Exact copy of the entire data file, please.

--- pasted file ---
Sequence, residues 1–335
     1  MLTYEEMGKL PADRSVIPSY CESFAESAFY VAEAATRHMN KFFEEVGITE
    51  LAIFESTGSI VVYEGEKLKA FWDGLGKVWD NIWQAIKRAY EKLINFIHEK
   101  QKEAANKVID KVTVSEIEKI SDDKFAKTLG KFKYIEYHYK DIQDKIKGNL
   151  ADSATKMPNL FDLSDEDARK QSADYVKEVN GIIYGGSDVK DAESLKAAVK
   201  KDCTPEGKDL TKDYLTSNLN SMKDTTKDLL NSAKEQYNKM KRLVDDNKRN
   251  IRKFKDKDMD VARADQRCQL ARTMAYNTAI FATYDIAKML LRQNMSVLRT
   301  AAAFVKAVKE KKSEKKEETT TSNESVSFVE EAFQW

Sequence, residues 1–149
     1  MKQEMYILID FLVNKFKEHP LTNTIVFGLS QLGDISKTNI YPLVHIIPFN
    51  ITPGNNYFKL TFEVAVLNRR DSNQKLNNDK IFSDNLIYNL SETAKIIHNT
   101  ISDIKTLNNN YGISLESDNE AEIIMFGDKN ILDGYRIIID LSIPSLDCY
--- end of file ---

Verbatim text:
Sequence, residues 1–335
     1  MLTYEEMGKL PADRSVIPSY CESFAESAFY VAEAATRHMN KFFEEVGITE
    51  LAIFESTGSI VVYEGEKLKA FWDGLGKVWD NIWQAIKRAY EKLINFIHEK
   101  QKEAANKVID KVTVSEIEKI SDDKFAKTLG KFKYIEYHYK DIQDKIKGNL
   151  ADSATKMPNL FDLSDEDARK QSADYVKEVN GIIYGGSDVK DAESLKAAVK
   201  KDCTPEGKDL TKDYLTSNLN SMKDTTKDLL NSAKEQYNKM KRLVDDNKRN
   251  IRKFKDKDMD VARADQRCQL ARTMAYNTAI FATYDIAKML LRQNMSVLRT
   301  AAAFVKAVKE KKSEKKEETT TSNESVSFVE EAFQW

Sequence, residues 1–149
     1  MKQEMYILID FLVNKFKEHP LTNTIVFGLS QLGDISKTNI YPLVHIIPFN
    51  ITPGNNYFKL TFEVAVLNRR DSNQKLNNDK IFSDNLIYNL SETAKIIHNT
   101  ISDIKTLNNN YGISLESDNE AEIIMFGDKN ILDGYRIIID LSIPSLDCY